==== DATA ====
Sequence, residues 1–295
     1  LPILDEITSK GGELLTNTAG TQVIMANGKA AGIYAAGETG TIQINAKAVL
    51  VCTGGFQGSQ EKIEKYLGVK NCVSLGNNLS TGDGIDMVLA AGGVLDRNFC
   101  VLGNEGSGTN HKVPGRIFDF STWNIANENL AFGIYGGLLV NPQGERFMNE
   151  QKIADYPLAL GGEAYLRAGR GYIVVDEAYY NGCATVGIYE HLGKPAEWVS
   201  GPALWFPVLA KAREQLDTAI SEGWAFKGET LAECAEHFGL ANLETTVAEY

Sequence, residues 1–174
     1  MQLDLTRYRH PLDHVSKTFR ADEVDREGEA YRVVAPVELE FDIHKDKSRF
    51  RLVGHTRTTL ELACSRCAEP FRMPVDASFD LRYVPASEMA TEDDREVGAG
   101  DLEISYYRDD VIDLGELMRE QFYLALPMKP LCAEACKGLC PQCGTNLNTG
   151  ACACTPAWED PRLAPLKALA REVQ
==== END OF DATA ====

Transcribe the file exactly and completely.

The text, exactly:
Sequence, residues 1–295
     1  LPILDEITSK GGELLTNTAG TQVIMANGKA AGIYAAGETG TIQINAKAVL
    51  VCTGGFQGSQ EKIEKYLGVK NCVSLGNNLS TGDGIDMVLA AGGVLDRNFC
   101  VLGNEGSGTN HKVPGRIFDF STWNIANENL AFGIYGGLLV NPQGERFMNE
   151  QKIADYPLAL GGEAYLRAGR GYIVVDEAYY NGCATVGIYE HLGKPAEWVS
   201  GPALWFPVLA KAREQLDTAI SEGWAFKGET LAECAEHFGL ANLETTVAEY

Sequence, residues 1–174
     1  MQLDLTRYRH PLDHVSKTFR ADEVDREGEA YRVVAPVELE FDIHKDKSRF
    51  RLVGHTRTTL ELACSRCAEP FRMPVDASFD LRYVPASEMA TEDDREVGAG
   101  DLEISYYRDD VIDLGELMRE QFYLALPMKP LCAEACKGLC PQCGTNLNTG
   151  ACACTPAWED PRLAPLKALA REVQ